Laparoscopic Sleeve Gastrectomy

What is a laparoscopic sleeve gastrectomy?
It is an operation to convert the stomach into a long thin tube. This is done by stapling it along its length and then removing the excess. It is performed for helping very overweight patients achieve substantial weight loss because it restricts the amount that someone can eat.
It may be used as a stand-alone operation or the first part of a two stage operation for very large patients. The second stage is carried out a number of months later when the patient has lost a significant amount of weight. This means that the risks of needing further surgical procedures are much less.
What does laparoscopic mean?
The operation is carried out laparoscopically, which is also known as keyhole surgery. This means that the surgeon makes five small incisions (cuts) in the abdomen (belly) to get to the stomach. The surgeon may decide to convert to an open procedure (the traditional way of carrying out this operation through a longer incision) if they think it would be safer.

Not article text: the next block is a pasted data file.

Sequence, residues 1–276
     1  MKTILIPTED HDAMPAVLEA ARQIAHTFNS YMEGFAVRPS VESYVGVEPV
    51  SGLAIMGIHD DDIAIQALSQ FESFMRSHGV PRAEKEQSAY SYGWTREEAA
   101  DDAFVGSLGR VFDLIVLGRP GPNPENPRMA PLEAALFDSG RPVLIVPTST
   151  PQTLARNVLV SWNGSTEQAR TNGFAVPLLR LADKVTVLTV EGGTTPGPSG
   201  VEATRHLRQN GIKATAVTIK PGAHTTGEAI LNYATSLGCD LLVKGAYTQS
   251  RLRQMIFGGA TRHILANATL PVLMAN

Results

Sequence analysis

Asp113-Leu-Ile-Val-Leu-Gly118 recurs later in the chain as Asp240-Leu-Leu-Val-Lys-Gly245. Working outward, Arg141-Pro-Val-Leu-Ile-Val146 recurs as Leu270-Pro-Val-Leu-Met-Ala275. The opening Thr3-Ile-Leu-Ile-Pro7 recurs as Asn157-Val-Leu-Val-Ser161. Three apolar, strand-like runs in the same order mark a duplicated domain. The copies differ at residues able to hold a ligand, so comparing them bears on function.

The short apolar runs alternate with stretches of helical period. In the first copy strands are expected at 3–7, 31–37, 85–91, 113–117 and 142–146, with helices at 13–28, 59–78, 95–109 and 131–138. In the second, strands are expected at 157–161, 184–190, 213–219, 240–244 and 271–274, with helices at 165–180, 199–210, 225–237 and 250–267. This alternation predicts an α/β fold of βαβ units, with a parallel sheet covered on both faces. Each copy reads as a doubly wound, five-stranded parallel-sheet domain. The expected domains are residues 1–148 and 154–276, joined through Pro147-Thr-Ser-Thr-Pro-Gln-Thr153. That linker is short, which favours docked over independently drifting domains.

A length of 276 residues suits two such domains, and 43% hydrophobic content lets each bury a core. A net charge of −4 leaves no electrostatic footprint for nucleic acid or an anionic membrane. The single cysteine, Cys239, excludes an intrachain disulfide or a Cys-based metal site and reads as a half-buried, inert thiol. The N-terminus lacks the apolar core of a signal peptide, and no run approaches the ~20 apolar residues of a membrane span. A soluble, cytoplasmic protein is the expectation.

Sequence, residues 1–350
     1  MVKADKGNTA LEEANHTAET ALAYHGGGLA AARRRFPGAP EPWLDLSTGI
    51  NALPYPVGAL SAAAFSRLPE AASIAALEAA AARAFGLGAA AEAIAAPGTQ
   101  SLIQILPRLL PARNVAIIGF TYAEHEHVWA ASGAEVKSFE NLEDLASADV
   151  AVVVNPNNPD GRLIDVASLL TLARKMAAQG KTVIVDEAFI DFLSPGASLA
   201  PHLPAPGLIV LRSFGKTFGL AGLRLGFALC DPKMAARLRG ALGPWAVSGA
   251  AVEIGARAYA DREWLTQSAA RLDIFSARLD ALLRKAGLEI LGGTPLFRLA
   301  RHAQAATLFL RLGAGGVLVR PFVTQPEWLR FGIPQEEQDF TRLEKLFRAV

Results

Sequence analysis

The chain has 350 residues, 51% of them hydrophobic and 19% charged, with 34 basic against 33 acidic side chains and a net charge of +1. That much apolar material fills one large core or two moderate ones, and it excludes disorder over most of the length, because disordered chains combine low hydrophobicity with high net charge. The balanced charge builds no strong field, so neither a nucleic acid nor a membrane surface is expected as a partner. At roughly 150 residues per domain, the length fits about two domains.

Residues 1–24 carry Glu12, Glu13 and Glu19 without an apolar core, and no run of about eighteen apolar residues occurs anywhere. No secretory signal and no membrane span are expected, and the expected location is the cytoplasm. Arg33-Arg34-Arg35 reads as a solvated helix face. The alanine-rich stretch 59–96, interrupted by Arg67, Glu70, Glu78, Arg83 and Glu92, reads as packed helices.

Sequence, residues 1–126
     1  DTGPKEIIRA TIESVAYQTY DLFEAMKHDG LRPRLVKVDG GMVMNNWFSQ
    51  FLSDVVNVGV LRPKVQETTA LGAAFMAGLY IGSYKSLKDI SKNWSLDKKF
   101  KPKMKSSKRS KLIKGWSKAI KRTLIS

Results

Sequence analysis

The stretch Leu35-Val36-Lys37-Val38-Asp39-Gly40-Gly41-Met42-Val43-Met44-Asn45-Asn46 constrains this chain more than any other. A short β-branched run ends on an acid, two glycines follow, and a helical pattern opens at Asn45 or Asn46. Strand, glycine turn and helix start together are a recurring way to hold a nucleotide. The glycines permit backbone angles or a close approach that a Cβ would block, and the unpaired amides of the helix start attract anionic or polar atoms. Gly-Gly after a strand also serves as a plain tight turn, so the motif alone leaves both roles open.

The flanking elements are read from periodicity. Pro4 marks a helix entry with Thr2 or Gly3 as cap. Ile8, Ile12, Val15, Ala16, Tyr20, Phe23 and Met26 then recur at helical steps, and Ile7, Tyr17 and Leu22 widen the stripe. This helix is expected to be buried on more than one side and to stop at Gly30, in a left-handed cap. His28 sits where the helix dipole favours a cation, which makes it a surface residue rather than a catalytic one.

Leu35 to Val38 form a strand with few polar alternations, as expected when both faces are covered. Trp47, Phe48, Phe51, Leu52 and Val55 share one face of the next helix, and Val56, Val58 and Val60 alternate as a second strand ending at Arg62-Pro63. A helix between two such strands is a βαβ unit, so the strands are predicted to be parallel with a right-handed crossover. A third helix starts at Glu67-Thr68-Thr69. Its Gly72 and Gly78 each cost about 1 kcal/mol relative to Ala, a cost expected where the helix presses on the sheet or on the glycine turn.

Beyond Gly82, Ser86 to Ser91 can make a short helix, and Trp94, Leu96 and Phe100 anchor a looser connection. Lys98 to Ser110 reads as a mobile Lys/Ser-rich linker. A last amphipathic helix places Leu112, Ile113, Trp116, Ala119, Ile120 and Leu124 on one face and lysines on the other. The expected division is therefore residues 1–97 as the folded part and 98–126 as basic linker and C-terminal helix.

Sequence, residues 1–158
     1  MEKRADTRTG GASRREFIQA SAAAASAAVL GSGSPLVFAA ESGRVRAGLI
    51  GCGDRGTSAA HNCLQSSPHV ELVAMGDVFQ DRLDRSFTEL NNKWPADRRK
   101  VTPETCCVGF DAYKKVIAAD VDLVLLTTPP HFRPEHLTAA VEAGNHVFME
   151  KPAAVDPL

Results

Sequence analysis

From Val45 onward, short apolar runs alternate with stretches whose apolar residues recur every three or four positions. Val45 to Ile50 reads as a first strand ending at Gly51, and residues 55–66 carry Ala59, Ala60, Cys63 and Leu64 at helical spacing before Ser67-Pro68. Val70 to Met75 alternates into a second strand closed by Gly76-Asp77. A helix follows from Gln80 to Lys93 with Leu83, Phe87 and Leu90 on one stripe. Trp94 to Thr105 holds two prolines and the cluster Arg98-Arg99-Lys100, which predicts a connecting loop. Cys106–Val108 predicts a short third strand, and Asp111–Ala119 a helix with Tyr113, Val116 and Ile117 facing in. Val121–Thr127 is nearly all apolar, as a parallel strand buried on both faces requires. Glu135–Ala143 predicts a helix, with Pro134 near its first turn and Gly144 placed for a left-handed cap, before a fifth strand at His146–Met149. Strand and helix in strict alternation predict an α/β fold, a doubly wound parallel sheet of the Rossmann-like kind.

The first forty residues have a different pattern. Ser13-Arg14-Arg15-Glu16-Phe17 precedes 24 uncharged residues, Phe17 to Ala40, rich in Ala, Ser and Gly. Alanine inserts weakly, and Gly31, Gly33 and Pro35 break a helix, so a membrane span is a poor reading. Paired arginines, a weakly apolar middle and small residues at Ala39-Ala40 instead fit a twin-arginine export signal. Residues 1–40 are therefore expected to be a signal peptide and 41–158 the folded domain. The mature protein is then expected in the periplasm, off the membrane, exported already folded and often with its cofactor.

What does the operation involve?
The operation takes up to two hours. For some patients, the surgery can be technically difficult depending on body-build or previous surgery. In these circumstances the operation can take longer.
Before the operation
You will come into hospital on the day of surgery.
You will wear anti-embolism socks (like very tight stockings) to prevent blood clots forming in your legs.
The anaesthetist will see you before or on the morning of surgery.
After the operation
You will probably have:
1. Oxygen in your nose
2. A drip in your arm
3. A morphine machine to control your pain
4. A wound drain to remove excess blood and fluid (during the first night)
5. A catheter to drain your bladder (for one day).
you will be allowed to sip water and as soon as your intestines are working, you will be able to start increasing your fluid intake and then start a liquid diet.